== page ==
Stress, Excitement and Communications
Posted by Reed Pankratz
This is post nine of Posts For Employment. Each day in April I will be writing a blog post to showcase my writing skills, ability to communicate effectively, meet deadlines, handle multiple projects at once and think creatively. I look forward to connecting more with you as an audience, having fun and finding a job. Friends, followers and employers can reach me at email@example.com.
According to a study by CareerCast, a PR executive has the seventh most stressful job in 2012. In 2011 an advertising executive came in at the sixth most stressful job, but has since fallen from the top 10. Regardless, we can recognize a relatively high stress level in both career fields and in marketing communications in general.
10. Taxi Driver — Average Income: $22,440
9. Photojournalist — Average Income: $40,000
8. Corporate Executive (Senior) — Average Income: $165,830
7. Public Relations Executive — Average Income $91,810
6. Event Coordinator — Average Income $45,260
5. Police Officer — Average Income $53,540*
4. Military General — Average Income $196,300*
3. Airline Pilot — Average Income $103,210
2. Firefighter — Average Income $45,250*
1. Enlisted Military Soldier — Average Income $35,580*
The top five most stressful jobs have certainly earned their keep. In each of the top five most stressful jobs human lives and well being are at stake. Four* of the five do a great service for our country. We owe all of them our gratitude. Their stress differs greatly from the type of stress a PR or advertising executive faces.
That is not to say that advertising and PR isn’t stressful, it certainly is. One reason is that, for the most part, there are very few absolutes.
Does a press release + Twitter = coverage?
Does a commercial + hashtag = engagement?
Does an event + audience = sales?
Does a “like” + a user = loyalty?
The answer to all of these questions could very well be yes or no.
But isn’t that part of what makes a job in communications so great? That each situation presents a new set of unique challenges that require a new set of goals, strategies and tactics? That creativity and structure must come together to create a beautiful campaign? Yes, working with clients can be tough, they will ask you do too much with not enough. But you know what? You still find a way to do it. That feeling of accomplishment is one of the most rewarding feelings about the job. The industry is always changing, but we shouldn’t act like change is unique to our industry. All industries are changing, and so the professionals in those industries must adapt. Those that don’t adapt are victims of survival of the fittest. Embrace the changes, welcome the challenges and in all of that, deal with the stress how you need to.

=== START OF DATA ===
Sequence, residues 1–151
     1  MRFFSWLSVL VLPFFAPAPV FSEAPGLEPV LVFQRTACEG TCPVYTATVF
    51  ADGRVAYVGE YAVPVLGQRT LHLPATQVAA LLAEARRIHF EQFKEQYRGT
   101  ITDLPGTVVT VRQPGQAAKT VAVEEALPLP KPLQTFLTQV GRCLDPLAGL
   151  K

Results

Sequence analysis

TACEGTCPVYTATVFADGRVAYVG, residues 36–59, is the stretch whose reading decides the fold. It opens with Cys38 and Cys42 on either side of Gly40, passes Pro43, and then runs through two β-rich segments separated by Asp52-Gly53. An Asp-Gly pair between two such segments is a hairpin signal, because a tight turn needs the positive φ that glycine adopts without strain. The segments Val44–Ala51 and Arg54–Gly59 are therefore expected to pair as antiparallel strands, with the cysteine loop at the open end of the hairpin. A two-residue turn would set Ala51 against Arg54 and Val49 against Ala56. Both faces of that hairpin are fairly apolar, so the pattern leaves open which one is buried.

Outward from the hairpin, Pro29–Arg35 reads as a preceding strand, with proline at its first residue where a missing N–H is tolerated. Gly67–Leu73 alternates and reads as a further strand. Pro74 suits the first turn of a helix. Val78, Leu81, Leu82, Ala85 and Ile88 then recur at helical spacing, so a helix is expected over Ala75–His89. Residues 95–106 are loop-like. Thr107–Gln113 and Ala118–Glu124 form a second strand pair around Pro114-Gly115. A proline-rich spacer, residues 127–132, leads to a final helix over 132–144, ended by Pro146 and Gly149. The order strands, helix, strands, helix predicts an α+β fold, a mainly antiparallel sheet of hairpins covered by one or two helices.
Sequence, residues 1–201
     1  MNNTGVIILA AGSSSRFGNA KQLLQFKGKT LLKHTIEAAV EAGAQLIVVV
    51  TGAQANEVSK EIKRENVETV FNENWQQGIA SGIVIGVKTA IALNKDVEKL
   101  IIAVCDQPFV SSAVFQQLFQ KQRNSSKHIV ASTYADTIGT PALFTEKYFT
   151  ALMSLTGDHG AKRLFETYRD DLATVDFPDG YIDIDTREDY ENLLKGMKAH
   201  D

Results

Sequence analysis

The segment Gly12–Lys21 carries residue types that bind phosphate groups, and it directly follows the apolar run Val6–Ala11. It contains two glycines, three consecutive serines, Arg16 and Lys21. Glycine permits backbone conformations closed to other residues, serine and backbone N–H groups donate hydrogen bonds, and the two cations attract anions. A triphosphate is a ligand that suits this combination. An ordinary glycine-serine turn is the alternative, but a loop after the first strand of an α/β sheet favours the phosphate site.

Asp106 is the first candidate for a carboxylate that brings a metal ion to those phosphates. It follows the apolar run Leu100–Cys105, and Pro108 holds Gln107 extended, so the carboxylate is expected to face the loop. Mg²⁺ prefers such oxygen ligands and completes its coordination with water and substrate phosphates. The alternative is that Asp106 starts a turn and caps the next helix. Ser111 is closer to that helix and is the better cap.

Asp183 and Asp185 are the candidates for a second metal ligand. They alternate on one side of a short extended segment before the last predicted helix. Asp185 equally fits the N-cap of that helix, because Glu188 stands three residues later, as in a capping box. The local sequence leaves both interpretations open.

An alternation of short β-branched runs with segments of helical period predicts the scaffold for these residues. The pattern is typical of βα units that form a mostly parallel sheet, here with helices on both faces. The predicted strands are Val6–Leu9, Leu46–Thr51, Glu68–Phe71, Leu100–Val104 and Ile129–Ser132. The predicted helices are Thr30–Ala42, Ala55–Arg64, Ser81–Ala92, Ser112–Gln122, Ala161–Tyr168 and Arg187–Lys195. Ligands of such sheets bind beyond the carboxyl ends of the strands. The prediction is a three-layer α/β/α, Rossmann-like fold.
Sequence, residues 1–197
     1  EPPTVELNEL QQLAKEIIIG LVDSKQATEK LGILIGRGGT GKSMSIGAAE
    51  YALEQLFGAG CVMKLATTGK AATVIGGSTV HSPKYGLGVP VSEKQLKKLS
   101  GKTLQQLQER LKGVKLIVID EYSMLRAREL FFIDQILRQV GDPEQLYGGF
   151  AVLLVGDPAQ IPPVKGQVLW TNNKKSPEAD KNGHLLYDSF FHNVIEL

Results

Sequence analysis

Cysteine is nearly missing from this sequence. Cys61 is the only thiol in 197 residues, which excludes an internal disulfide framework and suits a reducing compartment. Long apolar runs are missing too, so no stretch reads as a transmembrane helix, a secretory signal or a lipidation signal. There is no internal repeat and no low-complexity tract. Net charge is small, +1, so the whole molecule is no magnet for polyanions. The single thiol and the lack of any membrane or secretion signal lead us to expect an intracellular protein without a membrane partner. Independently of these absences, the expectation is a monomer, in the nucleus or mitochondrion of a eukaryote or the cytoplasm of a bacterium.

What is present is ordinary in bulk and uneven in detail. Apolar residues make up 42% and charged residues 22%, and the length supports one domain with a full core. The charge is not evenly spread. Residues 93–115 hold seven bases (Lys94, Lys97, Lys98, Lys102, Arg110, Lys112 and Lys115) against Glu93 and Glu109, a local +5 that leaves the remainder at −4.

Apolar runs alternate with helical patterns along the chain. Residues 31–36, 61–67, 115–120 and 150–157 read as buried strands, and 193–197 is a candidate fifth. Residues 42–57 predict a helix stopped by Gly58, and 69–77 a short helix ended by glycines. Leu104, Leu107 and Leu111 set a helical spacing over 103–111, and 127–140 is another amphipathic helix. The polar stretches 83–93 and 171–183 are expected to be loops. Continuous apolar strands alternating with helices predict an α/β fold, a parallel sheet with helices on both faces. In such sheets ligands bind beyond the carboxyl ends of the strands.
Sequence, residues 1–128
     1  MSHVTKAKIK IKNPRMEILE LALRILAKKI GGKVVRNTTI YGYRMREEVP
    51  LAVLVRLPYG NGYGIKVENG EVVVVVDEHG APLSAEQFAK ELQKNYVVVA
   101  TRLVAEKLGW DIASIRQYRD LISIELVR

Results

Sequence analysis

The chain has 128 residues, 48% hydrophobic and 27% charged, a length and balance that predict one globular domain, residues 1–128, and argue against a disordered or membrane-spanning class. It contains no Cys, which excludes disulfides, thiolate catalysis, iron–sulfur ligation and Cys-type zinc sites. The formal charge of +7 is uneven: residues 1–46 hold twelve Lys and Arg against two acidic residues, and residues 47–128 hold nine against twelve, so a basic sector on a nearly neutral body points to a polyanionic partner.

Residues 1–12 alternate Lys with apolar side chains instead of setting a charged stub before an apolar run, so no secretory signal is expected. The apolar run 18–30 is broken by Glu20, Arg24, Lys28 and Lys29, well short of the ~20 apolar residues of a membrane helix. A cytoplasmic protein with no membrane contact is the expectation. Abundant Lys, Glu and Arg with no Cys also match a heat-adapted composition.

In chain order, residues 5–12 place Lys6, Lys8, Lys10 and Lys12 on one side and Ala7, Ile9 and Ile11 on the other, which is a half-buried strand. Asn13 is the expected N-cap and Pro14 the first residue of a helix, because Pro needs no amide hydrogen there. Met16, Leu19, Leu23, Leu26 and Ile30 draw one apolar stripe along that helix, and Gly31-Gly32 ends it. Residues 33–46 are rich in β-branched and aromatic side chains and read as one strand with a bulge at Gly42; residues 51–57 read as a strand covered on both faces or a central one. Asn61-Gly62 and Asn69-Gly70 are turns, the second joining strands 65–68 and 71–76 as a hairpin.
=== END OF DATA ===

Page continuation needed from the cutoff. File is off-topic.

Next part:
An article on PR Daily outlines six more reasons PR is so stressful.
We serve many masters.
We trade control for credibility.
PR is still poorly understood.
It’s based on billable hours.
Inside, it’s a staff position, not a line position.
PR is in transition.
Yes, these six factors are not always in the realm of our control. They will cause us stress. But in every job there is always something that you don’t love. For PR professionals, these reasons are some of them. Real quickly, in your mind, think of a list of things that you love about your job in communications. How quickly were you able to outweigh the bad with the good? For me it was simple.
Creativity + Strategy
In each of the reasons I love communications you can find social media. The opportunity to work with social media on a daily basis is something that excites me everyday. As a relatively new part of the marketing mix, social media is constantly evolving and creating opportunities for people like you and me to capitalize on and learn from.
However, the battle wages on about who should own social media, advertising or public relations, but with all the changes taking place it is safe to say that working in social media can also stressful, regardless of what industry you want to put it in. Personally, I think it depends on the situation and arguing about it only creates more stress. Additionally, it accomplishes nothing. To make the situation even more dicey, couldn’t you say social media belongs to social media? But, I digress, I will save that topic for another post.
What are some of the reasons you love your job? What stresses do you face on a daily basis and how do you deal with them?